Our plan was to spend the night in Hermannsburg, an Aboriginal town that used to be a former settlement of German missionaries.
However, upon arrival, we noticed that the town was not in its best shape, and it didn’t give us a good vibe, so we decided not to stop there for the night and instead headed directly to Alice Springs.
During our journey through the West MacDonnell Ranges, we made a stop at Standley Chasm. I was curious to see how it compared to Echidna Chasm in Bungle Bungles.
There was a short, 30-minute return walk to the chasm, and we were advised that the best time to view it was around noon when the sun shines on the walls, creating magnificent contrasts.
Unfortunately, we arrived at Standley Chasm around 3 pm, and by then, all the rocks were already in shade. The chasm was relatively short, measuring only around 50 metres. In comparison to Echidna Chasm, it was not as spectacular as we had anticipated.
While the chasm was still beautiful, it didn’t quite live up to our expectations.
Alice Springs again – this time a short stop
After completing the Kings Canyon walk the day before and driving a long distance through the Western MacDonnell Ranges, we were feeling quite tired. As a result, we decided to take a break and rest in Alice Springs.
During our stay, we experienced Alice Springs in a different way as the temperatures were over 30 degrees every day, making it quite hot. While resting, we also had the opportunity to get in touch with some guys from the Great Central Road who we had helped earlier.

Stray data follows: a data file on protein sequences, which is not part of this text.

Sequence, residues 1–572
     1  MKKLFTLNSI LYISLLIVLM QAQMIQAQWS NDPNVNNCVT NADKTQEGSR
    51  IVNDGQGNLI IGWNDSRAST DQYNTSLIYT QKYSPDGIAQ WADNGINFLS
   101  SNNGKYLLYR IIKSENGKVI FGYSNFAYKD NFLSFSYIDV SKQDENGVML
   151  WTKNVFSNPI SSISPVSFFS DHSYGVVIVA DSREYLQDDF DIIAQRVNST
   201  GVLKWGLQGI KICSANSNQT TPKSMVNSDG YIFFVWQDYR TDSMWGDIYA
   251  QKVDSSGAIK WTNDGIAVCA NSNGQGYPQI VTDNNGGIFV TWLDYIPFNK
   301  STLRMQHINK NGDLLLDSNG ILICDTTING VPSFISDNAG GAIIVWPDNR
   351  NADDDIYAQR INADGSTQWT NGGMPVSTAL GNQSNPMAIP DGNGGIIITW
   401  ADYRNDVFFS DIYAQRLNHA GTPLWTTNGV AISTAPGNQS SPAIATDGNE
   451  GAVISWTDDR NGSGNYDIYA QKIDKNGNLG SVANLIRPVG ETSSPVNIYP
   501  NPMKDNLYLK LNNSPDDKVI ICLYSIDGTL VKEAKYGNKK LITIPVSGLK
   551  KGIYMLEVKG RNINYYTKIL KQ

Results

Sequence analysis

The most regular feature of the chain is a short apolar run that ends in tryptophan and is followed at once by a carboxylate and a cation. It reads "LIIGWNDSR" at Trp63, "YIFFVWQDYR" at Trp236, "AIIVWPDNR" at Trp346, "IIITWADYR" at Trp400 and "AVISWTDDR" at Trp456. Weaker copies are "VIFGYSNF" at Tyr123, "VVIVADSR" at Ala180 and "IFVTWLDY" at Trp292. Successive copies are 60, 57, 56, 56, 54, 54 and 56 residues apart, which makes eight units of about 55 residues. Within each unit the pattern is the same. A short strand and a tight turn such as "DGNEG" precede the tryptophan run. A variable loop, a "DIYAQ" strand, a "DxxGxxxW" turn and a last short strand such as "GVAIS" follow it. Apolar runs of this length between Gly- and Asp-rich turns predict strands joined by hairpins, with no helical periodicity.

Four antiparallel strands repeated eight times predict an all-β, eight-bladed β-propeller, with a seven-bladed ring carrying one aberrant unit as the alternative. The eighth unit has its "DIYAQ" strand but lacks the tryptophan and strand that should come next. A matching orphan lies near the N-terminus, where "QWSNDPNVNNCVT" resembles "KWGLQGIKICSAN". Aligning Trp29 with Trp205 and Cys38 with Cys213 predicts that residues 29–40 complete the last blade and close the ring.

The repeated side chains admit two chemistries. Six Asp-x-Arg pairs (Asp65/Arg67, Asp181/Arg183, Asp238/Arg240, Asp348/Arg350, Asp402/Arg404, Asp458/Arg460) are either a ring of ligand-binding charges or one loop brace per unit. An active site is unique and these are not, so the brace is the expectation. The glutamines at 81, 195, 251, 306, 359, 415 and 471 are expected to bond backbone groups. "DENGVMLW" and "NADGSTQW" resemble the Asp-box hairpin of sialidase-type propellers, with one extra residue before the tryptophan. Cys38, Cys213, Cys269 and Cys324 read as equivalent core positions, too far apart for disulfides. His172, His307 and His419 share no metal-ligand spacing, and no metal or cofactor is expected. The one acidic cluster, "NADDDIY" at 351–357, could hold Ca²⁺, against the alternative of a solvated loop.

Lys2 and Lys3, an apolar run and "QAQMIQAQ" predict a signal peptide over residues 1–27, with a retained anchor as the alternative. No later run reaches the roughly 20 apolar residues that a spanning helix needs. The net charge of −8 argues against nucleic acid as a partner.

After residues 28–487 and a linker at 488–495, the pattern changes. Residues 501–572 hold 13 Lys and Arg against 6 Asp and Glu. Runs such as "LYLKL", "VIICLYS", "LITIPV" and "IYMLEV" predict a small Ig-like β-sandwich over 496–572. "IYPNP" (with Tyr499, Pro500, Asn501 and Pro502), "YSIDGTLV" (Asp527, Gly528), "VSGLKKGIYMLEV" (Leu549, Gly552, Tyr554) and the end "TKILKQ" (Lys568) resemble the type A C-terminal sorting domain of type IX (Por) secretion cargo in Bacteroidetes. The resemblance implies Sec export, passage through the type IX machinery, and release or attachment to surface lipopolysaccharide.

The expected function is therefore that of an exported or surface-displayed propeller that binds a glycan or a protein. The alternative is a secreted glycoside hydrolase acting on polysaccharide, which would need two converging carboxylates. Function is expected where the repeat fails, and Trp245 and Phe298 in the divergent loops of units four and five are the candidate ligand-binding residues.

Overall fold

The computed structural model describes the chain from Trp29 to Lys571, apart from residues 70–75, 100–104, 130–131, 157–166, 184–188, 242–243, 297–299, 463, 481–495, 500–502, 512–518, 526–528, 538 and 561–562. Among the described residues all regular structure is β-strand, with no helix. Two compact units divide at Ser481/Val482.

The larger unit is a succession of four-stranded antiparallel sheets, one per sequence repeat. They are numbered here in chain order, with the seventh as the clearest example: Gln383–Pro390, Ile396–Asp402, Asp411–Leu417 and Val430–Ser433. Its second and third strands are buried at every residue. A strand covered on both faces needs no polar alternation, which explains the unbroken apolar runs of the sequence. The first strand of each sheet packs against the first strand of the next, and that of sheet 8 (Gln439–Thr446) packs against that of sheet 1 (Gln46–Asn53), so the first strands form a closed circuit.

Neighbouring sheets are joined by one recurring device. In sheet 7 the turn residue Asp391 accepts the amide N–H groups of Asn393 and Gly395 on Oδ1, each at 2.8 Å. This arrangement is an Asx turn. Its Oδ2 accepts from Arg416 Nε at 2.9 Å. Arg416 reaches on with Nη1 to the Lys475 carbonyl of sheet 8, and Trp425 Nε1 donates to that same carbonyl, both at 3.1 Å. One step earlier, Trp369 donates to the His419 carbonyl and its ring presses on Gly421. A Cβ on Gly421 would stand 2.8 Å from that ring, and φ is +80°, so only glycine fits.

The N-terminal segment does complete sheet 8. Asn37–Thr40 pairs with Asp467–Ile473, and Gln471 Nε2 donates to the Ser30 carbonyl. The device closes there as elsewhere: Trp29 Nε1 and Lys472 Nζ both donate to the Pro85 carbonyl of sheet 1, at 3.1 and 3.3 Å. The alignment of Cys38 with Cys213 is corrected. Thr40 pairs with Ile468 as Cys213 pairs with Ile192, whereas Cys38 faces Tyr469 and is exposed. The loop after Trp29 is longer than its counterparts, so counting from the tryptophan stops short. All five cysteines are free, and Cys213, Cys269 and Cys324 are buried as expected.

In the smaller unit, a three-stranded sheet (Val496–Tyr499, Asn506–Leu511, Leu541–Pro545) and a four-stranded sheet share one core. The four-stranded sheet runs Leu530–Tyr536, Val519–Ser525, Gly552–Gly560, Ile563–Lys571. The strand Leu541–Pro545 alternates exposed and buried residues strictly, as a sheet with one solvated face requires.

Coincidentally, the following day was the Rugby World Cup final, and since the guys we helped were from New Zealand, Marius suggested that we watch it together.
So, the next night they went to the pub and had a ‘few’ beers while watching rugby. New Zealand won, so everyone was happy. It was a different experience for Marius as he had not been interested in this sport before, but now he was considering changing his mind.
On Sunday, we were served pancakes for breakfast by the caravan park staff. We also planned to go to Anzac Hill to see the sunset, but I think we were all too tired, so we ended up not going.
Additionally, the weather was hot, and we all felt very lazy. We lounged around and watched the birds. Nell socialised with whoever she came across, so by now, everyone knew her by name.
The next day, our plan was to continue our longest Australia shortcut and hit the dirt again. The Plenty Highway was that dirt road and the quickest way to get to Mount Isa, which was 830 km away. Our plan was to reach Mount Isa in two days. We checked on the internet and saw that the Plenty Highway was open, and although there had been severe fires two weeks ago, everything was already under control.
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Enjoy outdoors with Tentworld equipment
4WD Equipment Checklist
GPS Navigator or compass
Maxtrax – if you get bogged, you can use it for additional traction
Tire Deflator – deflate tires quickly when going on dirt or 4WD
Air Compressor – inflate tires quickly after going back on bitumen (we use MM)
Tire Repair Kit – to fix the tire by yourself when you don’t have access to the tire shop (we use Oztrail)
UHF Radio – for communication with your mates and in emergency
Full Recovery Kit (with Dampener Blanket) – must-have if you are going on real off-road
High Lift Jack – useful if you do serious 4WD tracks
Shovel – useful if you get bogged, also good for campfire cooking
Fuel funnel with water filter – additional protection when fueling up in dodgy places